Making this classic soup does take a little patience to properly caramelize the onions, but it’s so worth the wait and ridiculously easy to make! Like my Beef Bourguignon, it’s the kind of recipe that is perfect for a lazy Sunday afternoon.
You’ll need a sharp chef’s knife, a cutting board, and the onions you plan to use for your soup. First, cut off the stem and root ends of the onions. Then, remove the papery outer skin. Cut the onions in half lengthwise, from the stem end to the root end. This will help you achieve thin, even slices. Place one onion half flat side down on the cutting board. Hold the onion with your non-dominant hand, curling your fingers to form a claw-like shape to protect them while you slice. With your dominant hand, hold the knife and start slicing the onion thinly, cutting parallel to the lines of the onion. Aim for slices about 1⁄8-inch (3 mm) thick or thinner, depending on your preference.
The most important step of any French onion soup recipe is to caramelize the onions. So grab a large heavy pot or Dutch oven and then heat the olive oil and 2 tablespoons of butter over medium heat just until the butter is melted. Then add the sliced onions and stir them together with the butter mixture until they are fully coated.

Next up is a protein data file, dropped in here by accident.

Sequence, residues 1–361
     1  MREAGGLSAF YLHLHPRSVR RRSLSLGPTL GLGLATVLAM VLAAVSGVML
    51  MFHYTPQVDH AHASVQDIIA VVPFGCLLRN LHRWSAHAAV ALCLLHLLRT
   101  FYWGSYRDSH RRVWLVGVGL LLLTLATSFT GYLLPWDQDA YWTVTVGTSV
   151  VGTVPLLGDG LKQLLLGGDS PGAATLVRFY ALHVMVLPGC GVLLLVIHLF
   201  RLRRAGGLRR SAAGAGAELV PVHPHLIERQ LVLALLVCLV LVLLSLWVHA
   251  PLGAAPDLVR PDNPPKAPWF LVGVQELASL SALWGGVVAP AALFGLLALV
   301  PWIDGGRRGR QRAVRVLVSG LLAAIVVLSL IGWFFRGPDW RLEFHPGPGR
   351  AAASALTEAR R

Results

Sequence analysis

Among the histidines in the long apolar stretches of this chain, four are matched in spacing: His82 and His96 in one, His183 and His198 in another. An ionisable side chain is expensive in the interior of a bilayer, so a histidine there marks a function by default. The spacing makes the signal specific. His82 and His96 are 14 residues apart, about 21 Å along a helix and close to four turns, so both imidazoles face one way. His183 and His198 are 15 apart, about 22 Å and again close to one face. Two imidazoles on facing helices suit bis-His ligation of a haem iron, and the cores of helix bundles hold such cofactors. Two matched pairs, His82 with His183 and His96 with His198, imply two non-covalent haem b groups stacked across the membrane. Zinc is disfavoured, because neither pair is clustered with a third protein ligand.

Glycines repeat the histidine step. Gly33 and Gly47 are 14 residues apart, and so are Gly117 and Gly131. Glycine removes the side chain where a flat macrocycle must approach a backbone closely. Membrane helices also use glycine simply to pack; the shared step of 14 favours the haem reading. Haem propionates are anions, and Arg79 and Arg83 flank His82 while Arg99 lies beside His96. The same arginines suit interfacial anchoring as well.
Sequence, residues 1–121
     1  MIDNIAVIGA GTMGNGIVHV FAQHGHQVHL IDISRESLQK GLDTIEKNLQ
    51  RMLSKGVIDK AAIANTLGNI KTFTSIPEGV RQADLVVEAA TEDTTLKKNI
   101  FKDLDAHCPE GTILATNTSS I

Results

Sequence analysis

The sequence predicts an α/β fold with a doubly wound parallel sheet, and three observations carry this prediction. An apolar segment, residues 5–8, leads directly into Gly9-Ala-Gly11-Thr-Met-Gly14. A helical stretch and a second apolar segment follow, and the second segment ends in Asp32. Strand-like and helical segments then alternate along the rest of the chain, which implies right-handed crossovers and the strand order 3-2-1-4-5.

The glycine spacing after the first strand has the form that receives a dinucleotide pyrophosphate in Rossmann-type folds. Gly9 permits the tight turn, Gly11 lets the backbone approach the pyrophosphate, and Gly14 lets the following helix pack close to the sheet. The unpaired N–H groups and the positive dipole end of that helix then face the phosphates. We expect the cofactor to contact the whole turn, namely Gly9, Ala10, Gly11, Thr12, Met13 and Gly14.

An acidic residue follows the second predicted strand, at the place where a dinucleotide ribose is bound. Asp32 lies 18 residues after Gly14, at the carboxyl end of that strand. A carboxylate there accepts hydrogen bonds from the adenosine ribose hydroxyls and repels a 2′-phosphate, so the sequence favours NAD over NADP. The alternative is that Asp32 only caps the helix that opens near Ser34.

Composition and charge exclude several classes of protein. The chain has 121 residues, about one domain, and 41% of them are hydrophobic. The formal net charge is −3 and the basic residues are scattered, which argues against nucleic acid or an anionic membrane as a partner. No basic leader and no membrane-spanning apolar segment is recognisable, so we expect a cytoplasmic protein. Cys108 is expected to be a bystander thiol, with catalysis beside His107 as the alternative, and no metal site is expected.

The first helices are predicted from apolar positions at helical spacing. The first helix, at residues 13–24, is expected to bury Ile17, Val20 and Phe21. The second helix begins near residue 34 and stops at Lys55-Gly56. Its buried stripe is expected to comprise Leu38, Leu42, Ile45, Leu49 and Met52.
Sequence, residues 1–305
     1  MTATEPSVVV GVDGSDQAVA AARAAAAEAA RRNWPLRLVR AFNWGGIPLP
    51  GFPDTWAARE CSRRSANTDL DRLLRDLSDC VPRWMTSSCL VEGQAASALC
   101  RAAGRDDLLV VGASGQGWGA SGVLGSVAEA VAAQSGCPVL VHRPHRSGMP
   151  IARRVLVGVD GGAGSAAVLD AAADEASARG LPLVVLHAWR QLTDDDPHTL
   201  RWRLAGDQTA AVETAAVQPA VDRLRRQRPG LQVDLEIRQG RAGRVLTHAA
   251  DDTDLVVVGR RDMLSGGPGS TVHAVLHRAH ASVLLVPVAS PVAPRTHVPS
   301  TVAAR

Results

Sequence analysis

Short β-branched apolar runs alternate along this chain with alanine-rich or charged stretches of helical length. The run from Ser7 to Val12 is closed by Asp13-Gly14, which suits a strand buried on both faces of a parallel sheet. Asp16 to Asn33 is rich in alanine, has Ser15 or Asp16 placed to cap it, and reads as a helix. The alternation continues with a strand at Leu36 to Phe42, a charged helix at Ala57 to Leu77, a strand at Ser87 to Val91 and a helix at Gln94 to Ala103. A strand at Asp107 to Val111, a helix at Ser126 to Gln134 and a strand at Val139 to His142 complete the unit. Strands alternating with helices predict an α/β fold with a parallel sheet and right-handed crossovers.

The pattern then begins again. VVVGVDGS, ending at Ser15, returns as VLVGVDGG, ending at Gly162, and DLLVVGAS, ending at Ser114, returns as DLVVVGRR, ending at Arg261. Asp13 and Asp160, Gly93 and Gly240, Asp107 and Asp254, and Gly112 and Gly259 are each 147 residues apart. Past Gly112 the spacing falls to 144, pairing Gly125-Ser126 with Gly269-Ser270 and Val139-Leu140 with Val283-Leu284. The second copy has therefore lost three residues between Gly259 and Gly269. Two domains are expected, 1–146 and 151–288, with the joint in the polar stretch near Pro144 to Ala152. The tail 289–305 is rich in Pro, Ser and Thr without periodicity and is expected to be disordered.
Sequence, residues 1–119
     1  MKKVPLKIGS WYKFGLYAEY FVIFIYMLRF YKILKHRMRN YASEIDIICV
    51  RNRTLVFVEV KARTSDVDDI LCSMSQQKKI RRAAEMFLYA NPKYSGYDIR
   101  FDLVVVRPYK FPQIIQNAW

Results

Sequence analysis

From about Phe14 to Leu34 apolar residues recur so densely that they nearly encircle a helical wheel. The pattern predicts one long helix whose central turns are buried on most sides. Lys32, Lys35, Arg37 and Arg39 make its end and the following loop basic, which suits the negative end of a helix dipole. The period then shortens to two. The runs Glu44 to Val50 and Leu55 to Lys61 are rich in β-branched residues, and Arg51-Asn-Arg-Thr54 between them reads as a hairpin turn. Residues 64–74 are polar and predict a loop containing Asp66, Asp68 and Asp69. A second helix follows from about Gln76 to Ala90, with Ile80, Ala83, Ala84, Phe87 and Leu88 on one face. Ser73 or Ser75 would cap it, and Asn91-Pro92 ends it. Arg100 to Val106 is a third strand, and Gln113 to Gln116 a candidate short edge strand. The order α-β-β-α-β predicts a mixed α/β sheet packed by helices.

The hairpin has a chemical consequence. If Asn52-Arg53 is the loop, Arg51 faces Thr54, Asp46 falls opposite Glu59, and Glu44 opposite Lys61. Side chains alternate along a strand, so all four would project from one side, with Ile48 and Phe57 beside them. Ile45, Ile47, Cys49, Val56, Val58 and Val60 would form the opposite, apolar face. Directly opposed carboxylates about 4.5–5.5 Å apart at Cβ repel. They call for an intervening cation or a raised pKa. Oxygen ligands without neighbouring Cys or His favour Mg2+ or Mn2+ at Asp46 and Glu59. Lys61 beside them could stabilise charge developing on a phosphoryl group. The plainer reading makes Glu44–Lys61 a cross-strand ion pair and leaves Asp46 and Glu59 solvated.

Now, cover the pot with a lid and let the onions cook for 20 minutes over medium heat removing the lid every few minutes to stir.
Then once the onions are transparent, remove the lid and stir in the sugar and salt. Now, cook the onions with the lid off while stirring occasionally for another 40 minutes or until they are a deep golden color and sweet in taste.
Once the onions are caramelized, add the flour to the pot along with the remaining butter and stir. Now, cook everything together with the flour for about 2 to 3 minutes to remove the raw flour taste. You need to stir the mixture as it cooks.